calculated to determine the initial and final raw percentage agreement among the two
primary coders (K.G., J.O.). The initial interrater raw percentage reliability was 83%.
Discussion of the areas of content coding where the researchers did not agree took place
with the third researcher (C.W.) who was not otherwise involved in the coding process and
aided in reaching decisions on the appropriate content code. Most coding discrepancies
involved a coder making an inference from the data that could not be fully supported based
on the available information. The subset of ‘not codable’ responses was also reviewed
within the larger research team to reconfirm the coding decisions that were made. All coding
discrepancies were able to be resolved via the discussion process, resulting in a final
interrater reliability of 100%.

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2.4. Scoring and analysis
Forward selection multiple linear regression analysis was used to model correlates of SWD.
IBM SPSS V19.0.0 was used to analyze the sample descriptive statistics. The regression
analysis and results for the weighted modeling were performed with the SURVEYREG
procedure in SAS 9.2. For the regression modeling, two sociodemographic measures, race
and education level, were converted into dichotomous categories. Race was condensed from
six original categories to “white” and “not white”, and education level (originally with 7
categories) was dichotomized as “less than high school education” and “high school
education or greater.” For the decision questionnaires (DCS, SDM-Q-9, and SWD), total
raw scores were linearly transformed to an in-common 0–100 scale. The APS scale was not
transformed to a 0–100 scale as reasonable interpretation of the raw score is possible. The
dependent variable, SWD sum total score, was treated as a continuous variable.

3. Results
3.1. Sample characteristics

Table 1 displays the overall sample characteristics for socio-demographic variables. Figure 1
presents the study flow diagram. The obtained sample had similarities and some differences
compared to the overall ResearchMatch population. The sample was somewhat higher on
proportion of white respondents, lower on African-American respondents, and higher on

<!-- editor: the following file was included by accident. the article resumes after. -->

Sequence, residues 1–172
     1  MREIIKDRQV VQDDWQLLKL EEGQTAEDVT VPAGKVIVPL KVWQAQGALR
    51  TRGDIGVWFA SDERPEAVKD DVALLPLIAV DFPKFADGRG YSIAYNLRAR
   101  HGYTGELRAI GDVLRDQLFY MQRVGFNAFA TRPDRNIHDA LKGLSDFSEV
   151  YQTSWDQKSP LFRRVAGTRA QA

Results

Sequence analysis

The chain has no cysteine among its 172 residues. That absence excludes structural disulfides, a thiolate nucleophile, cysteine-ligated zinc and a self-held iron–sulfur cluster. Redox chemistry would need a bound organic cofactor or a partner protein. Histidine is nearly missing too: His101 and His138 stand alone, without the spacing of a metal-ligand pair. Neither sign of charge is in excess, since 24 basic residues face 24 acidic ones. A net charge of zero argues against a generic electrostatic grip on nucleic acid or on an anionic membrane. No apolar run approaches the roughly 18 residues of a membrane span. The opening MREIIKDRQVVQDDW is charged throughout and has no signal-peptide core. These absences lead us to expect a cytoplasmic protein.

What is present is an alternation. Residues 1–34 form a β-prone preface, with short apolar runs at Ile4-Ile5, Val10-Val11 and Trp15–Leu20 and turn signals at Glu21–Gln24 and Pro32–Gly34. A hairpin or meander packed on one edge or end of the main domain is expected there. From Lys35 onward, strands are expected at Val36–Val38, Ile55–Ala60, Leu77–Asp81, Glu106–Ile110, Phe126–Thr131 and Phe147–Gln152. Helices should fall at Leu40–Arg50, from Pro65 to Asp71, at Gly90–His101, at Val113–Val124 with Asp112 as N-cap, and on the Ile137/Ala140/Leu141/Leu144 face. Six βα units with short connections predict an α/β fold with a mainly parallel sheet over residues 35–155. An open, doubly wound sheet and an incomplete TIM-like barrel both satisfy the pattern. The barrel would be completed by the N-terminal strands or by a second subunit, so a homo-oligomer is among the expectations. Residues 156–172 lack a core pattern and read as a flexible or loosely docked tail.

Hispanic respondents compared to ResearchMatch (82%, 10%, 5%, respectively). The
obtained sample had similar percentages to ResearchMatch for Asian, American Indian/
Alaskan Native, and other racial groups. The sample was more evenly distributed on gender
(64.7% female, 35.3% male) compared to ResearchMatch (73.0% female, 27.0% male). The
only groups that fully met the target sample sizes were white and non-white non-Hispanic
females. There are larger sampling deficits for men of all races and ethnicities due to their
underrepresentation in ResearchMatch.

3.2. Content coding categories
The ‘reason for visit’ responses were placed into one of 15 reasons for consultations
categories (Table 2a), with a total 522 non-mutually-exclusive reasons for health
consultations reported. The most frequent reason for consultation was for a musculoskeletal
issue, followed by neurological and infection. The ‘type of decision’ responses were coded
as diagnosis, treatment, or referral (Table 2b). Of the 562 codable health care decisions
reported by survey respondents, the large majority were treatment decisions.

3.3. Descriptive statistics for standardized measures
Table 3 summarizes the total scores for the four standardized decision-making measures
included in the survey. The majority (65.6%) indicated that their autonomy preference was a
2 on the 1 to 5 rating scale, corresponding with the response option, “I should make the
decision on my own, but take others’ opinions into account.” The average SDM-Q-9 score
showed that the mean of the sample was above the midpoint of the scale in their perceptions
of the extent to which shared decision-making was present in their index health care
consultation. The SWD total score was relatively high, reflecting that the average
respondent was satisfied with rated health care decisions.

3.4. Regression modeling
Variables in addition to the SDM-Q-9 measure that were included in the initial linear
regression model were: dichotomized race, gender, ethnicity, education level, marital status,
and age, autonomy preference (APS), and standardized total scores for decisional conflict
(DCS). Non-modifiable respondent characteristics (race, gender, ethnicity, education level,

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marital status, age, and APS) were controlled for by grouping them together in a block. DCS
and SDM-Q-9 were conceptualized as potentially modifiable variables, and were added to
the model after controlling for the non-modifiable variables.

The linear regression model (Table 4) revealed that total SDM-Q-9 score was a statistically
significant predictor of SWD, p < 0.001. DCS total score approached statistical significance with a p-value of 0.09. While DCS displayed the expected negative relationship with SWD, i.e., higher decisional conflict was associated with lower decision satisfaction, the relatively small effect size was unexpected, and may be due to the negatively skewed distribution of DCS scores. Variance inflation factor (VIF) values for all variables in the model were at or around 1, suggesting little collinearity between them. The adjusted R2 value indicated that 36.8% of the variation in SWD was explained by the variables included in the model, and primarily by SDM-Q-9 score.